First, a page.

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Kurds seek UK parliamentary support to acknowledge genocide - Sikhs should be doing the same

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British Kurds have some British parliamentary support to formally recognise the ethnic cleansing of their people by Saddam Hussein as a genocide. They are trying to further increase that very support across a wider political spectrum.

Regarding 1984 pograms and subsequent "operations", this is something us Sikhs could learn from.


Iraqi Kurds in Britain have begun a campaign for the mass murder of their people in Iraq in the late-1980s to be formally recognised as genocide.

At least 180,000 Kurds were killed by Saddam Hussein's forces.

The justice4genocide campaign says many more died in atrocities carried out by regimes from the 1960s onwards.

It is petitioning the UK government to declare the mass killing of Kurds as a genocide and press the European Union and United Nations to do the same.

The campaign has the support of a number of British MPs and the Kurdistan Regional Government (KRG).

The KRG's representative in Britain, Bayan Sami Abdul Rahman, said she hoped the campaign would eventually lead to trials at the international criminal court.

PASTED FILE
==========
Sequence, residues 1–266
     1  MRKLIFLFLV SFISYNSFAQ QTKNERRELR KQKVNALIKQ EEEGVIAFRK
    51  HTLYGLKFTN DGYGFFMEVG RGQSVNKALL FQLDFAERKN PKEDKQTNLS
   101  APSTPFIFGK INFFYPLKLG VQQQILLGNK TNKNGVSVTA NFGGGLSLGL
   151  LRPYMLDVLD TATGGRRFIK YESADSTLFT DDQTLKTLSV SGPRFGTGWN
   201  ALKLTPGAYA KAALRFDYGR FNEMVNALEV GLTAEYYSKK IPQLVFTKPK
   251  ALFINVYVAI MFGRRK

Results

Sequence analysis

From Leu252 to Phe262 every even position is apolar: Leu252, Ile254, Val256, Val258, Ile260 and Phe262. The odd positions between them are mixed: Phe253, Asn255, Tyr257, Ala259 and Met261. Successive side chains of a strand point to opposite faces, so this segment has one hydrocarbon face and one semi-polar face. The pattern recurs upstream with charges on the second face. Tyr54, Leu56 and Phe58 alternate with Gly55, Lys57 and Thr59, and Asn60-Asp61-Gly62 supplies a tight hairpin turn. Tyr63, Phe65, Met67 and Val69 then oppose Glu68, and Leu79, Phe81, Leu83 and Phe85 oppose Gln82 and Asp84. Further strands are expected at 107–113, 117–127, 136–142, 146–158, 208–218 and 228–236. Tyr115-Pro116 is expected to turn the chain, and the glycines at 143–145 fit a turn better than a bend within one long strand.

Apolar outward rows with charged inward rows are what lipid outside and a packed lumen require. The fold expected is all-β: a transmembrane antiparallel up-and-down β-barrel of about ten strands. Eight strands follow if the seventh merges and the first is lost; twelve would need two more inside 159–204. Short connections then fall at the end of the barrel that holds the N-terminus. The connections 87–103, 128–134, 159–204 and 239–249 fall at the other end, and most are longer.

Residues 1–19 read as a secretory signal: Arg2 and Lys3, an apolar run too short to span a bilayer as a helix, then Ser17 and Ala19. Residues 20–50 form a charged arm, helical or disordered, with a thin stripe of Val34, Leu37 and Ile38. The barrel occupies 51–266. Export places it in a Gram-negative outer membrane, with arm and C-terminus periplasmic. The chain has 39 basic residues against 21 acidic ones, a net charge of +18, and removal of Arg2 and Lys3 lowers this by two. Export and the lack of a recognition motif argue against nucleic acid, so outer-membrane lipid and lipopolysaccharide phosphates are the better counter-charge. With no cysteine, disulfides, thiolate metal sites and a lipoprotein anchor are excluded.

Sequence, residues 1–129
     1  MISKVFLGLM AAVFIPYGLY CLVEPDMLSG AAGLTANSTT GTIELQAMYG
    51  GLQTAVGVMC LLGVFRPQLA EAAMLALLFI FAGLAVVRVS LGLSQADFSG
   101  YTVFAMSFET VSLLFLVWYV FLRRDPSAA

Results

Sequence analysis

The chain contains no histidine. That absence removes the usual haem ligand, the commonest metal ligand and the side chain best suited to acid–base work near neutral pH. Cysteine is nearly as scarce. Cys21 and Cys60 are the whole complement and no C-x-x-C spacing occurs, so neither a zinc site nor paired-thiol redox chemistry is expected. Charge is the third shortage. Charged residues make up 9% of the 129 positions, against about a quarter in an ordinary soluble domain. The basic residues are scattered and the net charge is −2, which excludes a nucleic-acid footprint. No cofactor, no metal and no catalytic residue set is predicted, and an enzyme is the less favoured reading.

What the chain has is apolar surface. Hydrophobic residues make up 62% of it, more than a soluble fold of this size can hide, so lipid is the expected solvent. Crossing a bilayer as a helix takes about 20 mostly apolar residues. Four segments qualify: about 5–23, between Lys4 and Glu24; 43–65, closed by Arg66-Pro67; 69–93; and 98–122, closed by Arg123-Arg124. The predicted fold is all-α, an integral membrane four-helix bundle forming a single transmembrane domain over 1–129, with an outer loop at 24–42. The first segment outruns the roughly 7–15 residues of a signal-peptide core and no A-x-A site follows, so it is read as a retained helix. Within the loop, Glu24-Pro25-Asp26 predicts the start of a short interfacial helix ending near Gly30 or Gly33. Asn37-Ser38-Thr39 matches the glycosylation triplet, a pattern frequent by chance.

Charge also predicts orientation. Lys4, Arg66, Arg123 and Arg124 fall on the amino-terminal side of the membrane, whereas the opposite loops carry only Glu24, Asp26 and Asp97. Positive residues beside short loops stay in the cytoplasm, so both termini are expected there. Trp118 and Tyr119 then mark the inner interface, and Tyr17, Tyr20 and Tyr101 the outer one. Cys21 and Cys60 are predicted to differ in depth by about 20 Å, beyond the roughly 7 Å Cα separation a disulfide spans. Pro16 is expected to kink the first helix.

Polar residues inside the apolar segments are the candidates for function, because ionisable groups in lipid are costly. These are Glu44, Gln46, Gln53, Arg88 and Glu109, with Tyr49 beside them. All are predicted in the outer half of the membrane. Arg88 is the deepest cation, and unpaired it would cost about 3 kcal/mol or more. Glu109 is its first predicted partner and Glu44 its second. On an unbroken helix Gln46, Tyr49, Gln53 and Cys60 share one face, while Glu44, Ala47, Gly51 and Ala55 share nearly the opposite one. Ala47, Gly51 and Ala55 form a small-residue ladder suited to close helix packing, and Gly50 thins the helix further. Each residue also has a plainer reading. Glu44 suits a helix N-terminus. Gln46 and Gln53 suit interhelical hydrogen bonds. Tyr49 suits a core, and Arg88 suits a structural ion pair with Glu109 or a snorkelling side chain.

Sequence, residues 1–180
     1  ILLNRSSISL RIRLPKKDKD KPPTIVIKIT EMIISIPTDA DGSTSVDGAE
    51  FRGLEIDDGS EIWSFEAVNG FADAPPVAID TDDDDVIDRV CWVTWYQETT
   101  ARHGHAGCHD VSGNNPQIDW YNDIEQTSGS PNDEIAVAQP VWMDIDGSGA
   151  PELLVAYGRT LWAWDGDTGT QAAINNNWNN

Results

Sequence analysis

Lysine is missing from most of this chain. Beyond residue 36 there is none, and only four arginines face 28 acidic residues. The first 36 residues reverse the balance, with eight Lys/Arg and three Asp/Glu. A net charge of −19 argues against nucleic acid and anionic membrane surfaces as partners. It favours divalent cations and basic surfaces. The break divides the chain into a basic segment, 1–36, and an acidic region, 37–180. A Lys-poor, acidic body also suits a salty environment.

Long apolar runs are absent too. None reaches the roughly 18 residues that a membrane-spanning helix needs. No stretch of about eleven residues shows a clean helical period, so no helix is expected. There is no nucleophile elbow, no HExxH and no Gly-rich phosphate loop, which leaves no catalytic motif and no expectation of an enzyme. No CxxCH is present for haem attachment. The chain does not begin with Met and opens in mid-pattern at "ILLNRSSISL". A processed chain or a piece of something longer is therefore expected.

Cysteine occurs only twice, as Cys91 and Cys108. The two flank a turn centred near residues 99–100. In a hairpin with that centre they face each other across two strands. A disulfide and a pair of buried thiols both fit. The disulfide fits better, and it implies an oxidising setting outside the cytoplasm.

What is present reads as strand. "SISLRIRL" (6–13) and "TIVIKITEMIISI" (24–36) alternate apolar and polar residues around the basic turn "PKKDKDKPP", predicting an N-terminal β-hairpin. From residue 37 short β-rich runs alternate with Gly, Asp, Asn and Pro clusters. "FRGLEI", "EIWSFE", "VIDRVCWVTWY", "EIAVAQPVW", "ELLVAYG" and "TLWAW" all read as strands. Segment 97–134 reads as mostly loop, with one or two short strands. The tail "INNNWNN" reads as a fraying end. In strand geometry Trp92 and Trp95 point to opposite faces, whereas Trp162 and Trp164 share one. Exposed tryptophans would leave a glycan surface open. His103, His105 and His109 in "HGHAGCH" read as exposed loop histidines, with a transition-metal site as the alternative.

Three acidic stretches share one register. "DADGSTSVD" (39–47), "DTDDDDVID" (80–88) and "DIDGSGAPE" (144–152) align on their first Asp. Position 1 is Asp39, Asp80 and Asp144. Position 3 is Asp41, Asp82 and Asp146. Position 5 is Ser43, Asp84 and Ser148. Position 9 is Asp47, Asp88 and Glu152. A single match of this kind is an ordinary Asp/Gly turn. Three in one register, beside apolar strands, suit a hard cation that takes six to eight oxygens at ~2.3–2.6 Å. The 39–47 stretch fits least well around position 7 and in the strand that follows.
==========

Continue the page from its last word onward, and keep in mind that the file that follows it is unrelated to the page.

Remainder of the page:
Ms Rahman said: "Different people were responsible through different decades, so there are many, many people who have blood on their hands.

"Even though Saddam Hussein was charged with genocide he wasn't actually tried for genocide so that's another frustration for survivors."

Both Hussein and his cousin, Ali Hassan al-Majid - known as Chemical Ali - were put to death.

Towards the end of the Iran-Iraq war, they targeted the Kurdish population in the north of Iraq.

In the most notorious attack, warplanes dropped chemical bombs on the town of Halabja, killing 5,000 men, women and children.

Shaho Qadir was 13 at the time. A bomb blew off both his legs. "It was like a nightmare for me. It was just unbelievable - in one second losing your legs. You can't believe it," he said.

Mr Qadir joined justice4genocide to gather signatures for their petition in London, where campaigners read out the names of some of those killed.

A spokesperson for the British Foreign Office said: "It is clear that appalling atrocities have been perpetrated against the Iraqi Kurds and other minorities.

"We have always condemned those crimes, which caused so much suffering to so many people.

"Today, we work closely with all of the people of Iraq to help support a stable, democratic and prosperous country where such atrocities can never happen again."

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Whats the newly relaunched 'Khalsa Human Rights' wing of Sikh Federation UK's take on this?

The case will be strongest if UK based 1984 Genocide victim witness testimony (who now have permanent residency status in UK) can be professionally documented and transcribed, to be used as evidence in a court of law when required. Are KHR planning to do this?

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